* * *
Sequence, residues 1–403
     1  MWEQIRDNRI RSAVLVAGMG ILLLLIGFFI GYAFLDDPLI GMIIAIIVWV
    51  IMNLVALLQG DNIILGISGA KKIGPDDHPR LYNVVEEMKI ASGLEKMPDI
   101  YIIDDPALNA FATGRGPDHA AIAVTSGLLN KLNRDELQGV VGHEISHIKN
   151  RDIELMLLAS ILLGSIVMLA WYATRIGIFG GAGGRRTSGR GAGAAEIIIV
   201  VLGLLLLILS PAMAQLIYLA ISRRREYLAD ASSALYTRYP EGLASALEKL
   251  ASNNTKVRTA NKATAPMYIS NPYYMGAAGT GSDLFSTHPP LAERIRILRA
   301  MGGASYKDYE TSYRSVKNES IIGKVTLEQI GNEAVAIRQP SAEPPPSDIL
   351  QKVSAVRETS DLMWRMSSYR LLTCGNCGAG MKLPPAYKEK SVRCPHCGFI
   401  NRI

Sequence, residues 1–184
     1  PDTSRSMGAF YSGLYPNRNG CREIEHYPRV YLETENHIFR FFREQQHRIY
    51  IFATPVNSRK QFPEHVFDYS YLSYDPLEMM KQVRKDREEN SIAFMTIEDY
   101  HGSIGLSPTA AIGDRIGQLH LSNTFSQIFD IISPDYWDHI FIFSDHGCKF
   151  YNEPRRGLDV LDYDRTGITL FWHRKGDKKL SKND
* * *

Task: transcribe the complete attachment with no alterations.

Sequence, residues 1–403
     1  MWEQIRDNRI RSAVLVAGMG ILLLLIGFFI GYAFLDDPLI GMIIAIIVWV
    51  IMNLVALLQG DNIILGISGA KKIGPDDHPR LYNVVEEMKI ASGLEKMPDI
   101  YIIDDPALNA FATGRGPDHA AIAVTSGLLN KLNRDELQGV VGHEISHIKN
   151  RDIELMLLAS ILLGSIVMLA WYATRIGIFG GAGGRRTSGR GAGAAEIIIV
   201  VLGLLLLILS PAMAQLIYLA ISRRREYLAD ASSALYTRYP EGLASALEKL
   251  ASNNTKVRTA NKATAPMYIS NPYYMGAAGT GSDLFSTHPP LAERIRILRA
   301  MGGASYKDYE TSYRSVKNES IIGKVTLEQI GNEAVAIRQP SAEPPPSDIL
   351  QKVSAVRETS DLMWRMSSYR LLTCGNCGAG MKLPPAYKEK SVRCPHCGFI
   401  NRI

Sequence, residues 1–184
     1  PDTSRSMGAF YSGLYPNRNG CREIEHYPRV YLETENHIFR FFREQQHRIY
    51  IFATPVNSRK QFPEHVFDYS YLSYDPLEMM KQVRKDREEN SIAFMTIEDY
   101  HGSIGLSPTA AIGDRIGQLH LSNTFSQIFD IISPDYWDHI FIFSDHGCKF
   151  YNEPRRGLDV LDYDRTGITL FWHRKGDKKL SKND